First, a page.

Education News – Students graduate into an economic slowdown

Recession impacts students? job prospects, says prof

WINNIPEG (CUP) ? The economic cycle is moving into a recession, which spells trouble for students about to graduate.

?We are seeing a short-term slowdown in a long-term growth pattern,? said Hugh Grant, a professor of economics at the University of Winnipeg who specializes in labour economics.

Grant says the time when a student enters the labour market can have an impact on their long-term earnings.

“Enter a bad labour market?and here I mean a prolonged recession?you may get a job, but a lousy job,? he said. ?When the labour market improves five years later and jobs open up in your field, you find yourself competing with fresh graduates.?

According to Grant, studies show that this “economic scarring” can be reflected in a worker’s wages throughout their life. Russell Plett remembers well the recession in the ?80s. He was shingling roofs in the early years of the decade and remembers the difficulty finding work.

?We didn’t get to shop for jobs,? he said. ?I don’t know that I ever turned a job down.?

By 1983, Plett decided he would rather be in school than face the elements on rooftops throughout the seasons. He graduated with a degree in education in 1988 and began teaching in northern Manitoba. Today he spends his days writing.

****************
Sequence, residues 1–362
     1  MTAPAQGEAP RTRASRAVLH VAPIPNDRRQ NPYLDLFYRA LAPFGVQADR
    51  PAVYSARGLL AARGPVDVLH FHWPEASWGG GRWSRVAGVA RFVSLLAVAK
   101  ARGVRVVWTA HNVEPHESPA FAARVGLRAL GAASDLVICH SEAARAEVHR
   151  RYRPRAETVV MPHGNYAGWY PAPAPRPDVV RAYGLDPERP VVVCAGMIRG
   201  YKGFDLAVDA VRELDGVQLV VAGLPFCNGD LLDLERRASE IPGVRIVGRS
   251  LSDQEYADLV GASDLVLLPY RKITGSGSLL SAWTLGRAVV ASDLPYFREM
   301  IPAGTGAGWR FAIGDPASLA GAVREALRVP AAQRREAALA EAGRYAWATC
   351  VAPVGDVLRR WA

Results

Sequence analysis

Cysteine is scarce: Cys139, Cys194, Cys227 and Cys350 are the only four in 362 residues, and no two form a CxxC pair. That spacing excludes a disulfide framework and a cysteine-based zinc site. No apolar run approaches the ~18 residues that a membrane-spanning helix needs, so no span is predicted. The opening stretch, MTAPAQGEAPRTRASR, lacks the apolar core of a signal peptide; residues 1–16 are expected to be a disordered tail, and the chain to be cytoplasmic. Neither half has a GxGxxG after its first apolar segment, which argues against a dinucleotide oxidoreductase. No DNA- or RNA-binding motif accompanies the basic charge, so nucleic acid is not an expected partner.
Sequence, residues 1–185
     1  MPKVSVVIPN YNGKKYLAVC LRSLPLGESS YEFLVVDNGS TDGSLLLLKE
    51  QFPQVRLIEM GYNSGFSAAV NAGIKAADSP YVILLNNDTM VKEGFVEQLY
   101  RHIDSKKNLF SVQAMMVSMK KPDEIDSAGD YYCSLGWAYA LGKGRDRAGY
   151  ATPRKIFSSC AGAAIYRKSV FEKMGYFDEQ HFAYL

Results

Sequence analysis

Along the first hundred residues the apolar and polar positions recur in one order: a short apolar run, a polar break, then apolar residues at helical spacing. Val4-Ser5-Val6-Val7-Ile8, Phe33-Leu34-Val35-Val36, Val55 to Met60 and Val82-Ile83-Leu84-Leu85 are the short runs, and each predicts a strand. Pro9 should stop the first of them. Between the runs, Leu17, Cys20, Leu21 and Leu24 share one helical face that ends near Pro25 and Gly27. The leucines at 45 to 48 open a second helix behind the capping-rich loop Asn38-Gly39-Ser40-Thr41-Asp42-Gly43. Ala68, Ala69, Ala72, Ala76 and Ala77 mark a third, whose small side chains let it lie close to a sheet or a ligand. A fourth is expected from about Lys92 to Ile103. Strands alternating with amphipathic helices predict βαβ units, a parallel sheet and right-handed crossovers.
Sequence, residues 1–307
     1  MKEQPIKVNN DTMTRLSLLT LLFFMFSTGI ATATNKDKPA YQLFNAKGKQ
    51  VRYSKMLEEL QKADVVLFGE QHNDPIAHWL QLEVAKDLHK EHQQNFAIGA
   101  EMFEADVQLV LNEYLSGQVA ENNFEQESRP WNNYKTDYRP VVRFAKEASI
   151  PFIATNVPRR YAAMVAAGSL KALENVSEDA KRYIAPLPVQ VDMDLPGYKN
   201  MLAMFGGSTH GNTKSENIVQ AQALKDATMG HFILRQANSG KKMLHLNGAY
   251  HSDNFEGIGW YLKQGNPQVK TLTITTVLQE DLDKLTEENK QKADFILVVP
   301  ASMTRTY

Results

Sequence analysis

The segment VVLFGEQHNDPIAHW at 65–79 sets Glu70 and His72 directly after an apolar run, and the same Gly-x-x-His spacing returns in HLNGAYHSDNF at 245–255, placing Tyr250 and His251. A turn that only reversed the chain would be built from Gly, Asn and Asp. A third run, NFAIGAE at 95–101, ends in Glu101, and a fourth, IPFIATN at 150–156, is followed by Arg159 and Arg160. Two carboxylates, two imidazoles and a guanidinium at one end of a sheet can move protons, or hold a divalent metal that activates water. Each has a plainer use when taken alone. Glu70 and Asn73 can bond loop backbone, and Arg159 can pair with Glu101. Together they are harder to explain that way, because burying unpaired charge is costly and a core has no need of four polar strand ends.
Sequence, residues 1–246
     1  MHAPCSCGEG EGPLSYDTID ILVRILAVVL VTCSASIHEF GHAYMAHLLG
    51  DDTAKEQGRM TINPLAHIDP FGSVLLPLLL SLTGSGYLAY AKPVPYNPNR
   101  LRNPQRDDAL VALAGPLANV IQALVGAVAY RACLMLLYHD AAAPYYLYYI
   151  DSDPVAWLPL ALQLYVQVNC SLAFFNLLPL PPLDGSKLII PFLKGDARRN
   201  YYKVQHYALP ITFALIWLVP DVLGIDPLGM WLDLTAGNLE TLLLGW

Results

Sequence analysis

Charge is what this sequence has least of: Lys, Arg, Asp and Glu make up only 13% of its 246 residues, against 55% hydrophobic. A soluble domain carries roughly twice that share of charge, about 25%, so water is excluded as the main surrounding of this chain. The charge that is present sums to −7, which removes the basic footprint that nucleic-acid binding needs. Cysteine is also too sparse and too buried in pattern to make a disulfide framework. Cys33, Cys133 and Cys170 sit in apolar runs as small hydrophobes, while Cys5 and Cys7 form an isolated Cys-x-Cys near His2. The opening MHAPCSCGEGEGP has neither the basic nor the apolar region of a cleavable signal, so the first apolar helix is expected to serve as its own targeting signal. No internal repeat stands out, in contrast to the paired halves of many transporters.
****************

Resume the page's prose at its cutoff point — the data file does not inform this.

?Keep your human capital up to date,? said Plett. ?It’s about keeping your education credentials fresh.?

Economies naturally cycle through periods of growth and decline. Decline happens when an economy shows two consecutive quarters of negative growth.
Some recessions can be short and shallow like in 2001, or they can be much longer and deeper like in the early 1980s.

Stephanie Barke graduated from the University of Winnipeg last April with a bachelor of arts, and although she didn’t find a job in her field, by June she was working with a company developing information and communications software.

Barke recently received an email from the president of her company about the current financial trouble, saying that things will continue as normal, but that It’s hard to predict the next six months.

?I’m not worried too much right now,” she said. ?[But] the phones aren’t ringing off the hook like they were in July.?

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